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    I might have the same problem askubuntu.com/questions/457248/vsftpd-not-working – Niklas R. Apr 28 '14 at 22:14
3
+50

Enable trusty-proposed in your software sources and re-install vsftpd. I'm checking if this passes muster.

If you don't wish to enable proposed in your sources vsftpd source and builds are available on this page. https://launchpad.net/ubuntu/trusty/+source/vsftpd/3.0.2-1ubuntu2.14.04.1

| improve this answer | |
  • I don't really want to do this for the entire server as it will be production. Is there a way to just update vsftpd from trust-proposed? – roydukkey May 1 '14 at 14:51
  • @roydukkey, you can enable it, apt-get update then apt-get install vsftpd it will update only vsftpd and its required dependencies (it will ask for confirmation, check change list). Then disable it. – user.dz Jun 13 '14 at 18:37
2

If you're receiving this issue on an AWS EC2 instance, you should try creating the instance with HVM virtualization instead of the Paravirtual.

If you still desire a paravirtual instance, there no telling when the bug will be fixed as it is a bug in the Xen kernal, which is used to run virtualization for AWS.

Here is the bug thread addressing this issue in more detail: https://bugs.launchpad.net/ubuntu/+source/vsftpd/+bug/1313450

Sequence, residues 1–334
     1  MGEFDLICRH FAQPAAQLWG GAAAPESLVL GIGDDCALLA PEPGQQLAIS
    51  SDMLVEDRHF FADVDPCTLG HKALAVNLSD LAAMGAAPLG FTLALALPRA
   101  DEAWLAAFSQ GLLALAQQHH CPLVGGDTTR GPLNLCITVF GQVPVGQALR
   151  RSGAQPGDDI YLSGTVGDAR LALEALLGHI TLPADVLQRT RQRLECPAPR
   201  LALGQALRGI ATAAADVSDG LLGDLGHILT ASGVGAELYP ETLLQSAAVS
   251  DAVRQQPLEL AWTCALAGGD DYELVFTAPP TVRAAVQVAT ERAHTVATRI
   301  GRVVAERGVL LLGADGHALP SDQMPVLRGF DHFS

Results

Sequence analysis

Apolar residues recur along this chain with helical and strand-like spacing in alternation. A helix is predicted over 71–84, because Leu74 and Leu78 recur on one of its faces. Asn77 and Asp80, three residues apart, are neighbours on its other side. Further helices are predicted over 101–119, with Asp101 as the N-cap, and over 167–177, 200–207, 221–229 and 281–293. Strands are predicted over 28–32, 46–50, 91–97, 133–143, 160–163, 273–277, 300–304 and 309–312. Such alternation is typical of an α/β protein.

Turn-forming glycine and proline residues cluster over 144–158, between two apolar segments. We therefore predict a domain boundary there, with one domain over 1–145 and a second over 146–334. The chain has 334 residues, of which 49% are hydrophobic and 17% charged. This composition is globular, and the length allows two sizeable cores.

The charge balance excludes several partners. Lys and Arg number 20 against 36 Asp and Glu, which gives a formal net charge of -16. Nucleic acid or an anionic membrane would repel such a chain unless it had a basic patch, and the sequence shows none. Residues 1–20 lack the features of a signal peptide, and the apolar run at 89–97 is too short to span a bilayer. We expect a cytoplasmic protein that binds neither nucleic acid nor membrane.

| improve this answer | |
  • FYI The fix was released – Elder Geek Mar 5 '17 at 16:13
1

Still new to Ubuntu. Had it working on Ubuntu 12.4 with no hassles but on Ubuntu 14.04, this is what i did:

in the /etc/vsftpd.conf file add these 2 lines:

allow_writeable_chroot = YES
seccomp_sandbox = NO

Change the value of pam_service_name to ftp.

Hope this helps someone

| improve this answer | |
0

This worked for me on Ubuntu 14.04. Ifthe user is jailed within /var/www/html/kofi_site directory then simply run:

sudo chmod ugo-w /var/www/html/kofi_site

| improve this answer | |
  • This worked for me, any reason for the downvote? – nastycrow May 26 '14 at 23:10
  • I would guess it was downvoted because it didn't address the problem the OP was having. If the question had been "What do I do if the user is jailed within the /var/www/html/kofi_site directory?" I would assume you would have gotten better results. – Elder Geek Jun 13 '14 at 18:34